With a global network of content moderators, it seems that Facebook might be the largest employer of community professionals in the world. But even with these resources, their content moderation practices continue to make headlines. Outsourcing this work barely seems to help Facebook keep up with the volume of content that needs to be reviewed, not to mention the toll that this takes on the often undervalued and underpaid people that are responsible for it. To this Ben Whitelaw, the engagement lead for the Engaged Journalism Accelerator, asks when Facebook is going to start taking bigger risks to solve this problem?
While Facebook’s moderation practices have lots of room for improvement, Ben also shares how the platform proved to be an asset when Times readers needed a space for discourse around Brexit. For newsrooms organizing communities today, Ben shares that Facebook’s ease of use makes it easy to spin up new groups and show proof of concept, but that this isn’t a full solution for long-term reader engagement. Patrick and Ben also discuss:
- How Brexit played out in comments section at The Times and led to internal advocacy for readers
- Scaling the work of moderation and the importance of consistency and credibility in community management
- Whether or not big platforms like Facebook should be allowed to self-moderate
On public policy playing out in the comments: “Our columnists who wrote about Brexit would get 1,200 comments on an article. … Some of [the comments] were very good. Some of them were very informed. The Times has got a pretty interested and educated audience. You would have lawyers and people who work in policy, people who are civil servants often anonymous, comment on intricacies of Brexit, and it made for very interesting discussion. … There was a real passion for the topic and a need for it to be heard. Obviously, in hindsight, we see that … legacy media in the UK didn’t really highlight some of the voices of people outside London who were wanting Brexit to happen, and that was playing out in the comment threads under articles.” -@benwhitelaw
The potential impact of governance of the web: “I am afraid that Facebook will trigger something legally that will harm online communities as a whole. I think we sometimes forget that the vast majority of online communities do not have Facebook’s problems and are probably fairly well managed and are one person operations with volunteers. … Government intervention, if it happens, really needs to be targeted at people above a certain scale, above a certain size. … If it falls hard on small communities, it’s really going to stifle a lot of voices.” -@patrickokeefe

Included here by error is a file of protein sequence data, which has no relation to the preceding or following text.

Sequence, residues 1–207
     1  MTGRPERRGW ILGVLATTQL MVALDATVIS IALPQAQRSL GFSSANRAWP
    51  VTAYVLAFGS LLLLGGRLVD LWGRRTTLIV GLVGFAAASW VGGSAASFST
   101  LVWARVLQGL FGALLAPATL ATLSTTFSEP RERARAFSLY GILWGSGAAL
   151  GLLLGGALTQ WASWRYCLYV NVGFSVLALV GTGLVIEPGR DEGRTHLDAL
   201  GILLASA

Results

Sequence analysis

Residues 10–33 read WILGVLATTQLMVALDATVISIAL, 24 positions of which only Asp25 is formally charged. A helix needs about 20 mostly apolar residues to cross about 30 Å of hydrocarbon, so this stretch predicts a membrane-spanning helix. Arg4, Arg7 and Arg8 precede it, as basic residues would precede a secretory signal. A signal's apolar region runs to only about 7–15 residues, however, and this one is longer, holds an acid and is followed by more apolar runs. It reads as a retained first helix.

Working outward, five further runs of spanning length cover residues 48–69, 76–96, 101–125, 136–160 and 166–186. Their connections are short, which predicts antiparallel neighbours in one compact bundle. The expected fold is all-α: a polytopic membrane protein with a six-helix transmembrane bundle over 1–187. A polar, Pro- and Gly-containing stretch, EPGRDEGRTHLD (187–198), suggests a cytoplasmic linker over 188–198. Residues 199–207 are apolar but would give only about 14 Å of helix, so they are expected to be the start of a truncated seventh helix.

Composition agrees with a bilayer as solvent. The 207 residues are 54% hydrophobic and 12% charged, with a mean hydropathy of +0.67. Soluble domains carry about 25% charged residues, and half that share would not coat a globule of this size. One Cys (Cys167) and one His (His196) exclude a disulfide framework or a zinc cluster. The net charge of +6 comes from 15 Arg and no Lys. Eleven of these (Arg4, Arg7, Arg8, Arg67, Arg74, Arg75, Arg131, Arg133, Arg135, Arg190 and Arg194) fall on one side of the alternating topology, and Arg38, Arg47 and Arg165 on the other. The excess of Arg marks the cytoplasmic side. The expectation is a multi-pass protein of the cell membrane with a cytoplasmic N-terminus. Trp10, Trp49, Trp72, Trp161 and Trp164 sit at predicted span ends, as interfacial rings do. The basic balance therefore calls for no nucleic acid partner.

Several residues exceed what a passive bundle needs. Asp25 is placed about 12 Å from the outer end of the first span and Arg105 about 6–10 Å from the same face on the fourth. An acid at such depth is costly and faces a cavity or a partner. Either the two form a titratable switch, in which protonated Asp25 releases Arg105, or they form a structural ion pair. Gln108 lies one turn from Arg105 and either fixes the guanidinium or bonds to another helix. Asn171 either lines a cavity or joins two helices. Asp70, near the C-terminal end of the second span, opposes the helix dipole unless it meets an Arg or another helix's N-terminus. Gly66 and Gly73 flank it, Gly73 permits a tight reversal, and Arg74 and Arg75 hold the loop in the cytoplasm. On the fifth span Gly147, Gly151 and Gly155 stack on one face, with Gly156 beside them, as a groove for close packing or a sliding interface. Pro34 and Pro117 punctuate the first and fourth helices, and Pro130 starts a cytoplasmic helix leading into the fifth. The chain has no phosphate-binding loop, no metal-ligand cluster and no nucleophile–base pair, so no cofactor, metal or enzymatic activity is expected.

About Ben Whitelaw
Ben Whitelaw is the engagement lead for the Engaged Journalism Accelerator, a program run out of the European Journalism Centre, where he is responsible for the growth and engagement of grantees and content programming. The Accelerator is a $1.7m program that provides funding, mentoring, resources and events to support a more participative kind of journalism across European news organizations of all sizes. It recently announced its first twelve funded news organizations.
The program is supported by the News Integrity Initiative at the Craig Newmark Graduate School of Journalism and Civil, the blockchain-enabled journalism community. Prior to joining the accelerator, he was head of audience development at The Times and The Sunday Times in London. Over seven years there, he built an award-winning team, ran several high profile editorial campaigns, including Cities fit for Cycling, and helped both newsrooms reach 500,000 subscribers before leaving in 2018.
Ben has also worked at The Guardian as a health and government IT journalist and set up Wannabe Hacks, a online platform dedicated to helping young journalists get into the industry. He writes a weekly newsletter about content moderation on the web and the policies, people and platforms that make it happen. Inevitably, it is called “Everything in Moderation“.
- Ben Whitelaw’s website
- Ben on Twitter
- Everything in Moderation, Ben’s newsletter about content moderation
- Wannabe Hacks, a platform dedicated to helping young journalists find their way in the industry
- The Engaged Journalism Accelerator and the European Journalism Centre
- The Engaged Journalism Accelerator’s first grantees
- The Correspondent
- Jay Rosen on Community Signal and The Daily Show with Trevor Noah
- Spaceship Media, an organization using journalism to spark discourse between communities at odds
- Mary Hamilton and Bruce Ableson on Community Signal
- The Knight Foundation
- Wikipedia page for Section 230 of the Communications Decency Act
- The Cleaners, a documentary about the people responsible for content moderation across the web’s hugest social media platforms
- MeeTwo, an app that helps teenagers talk about difficult things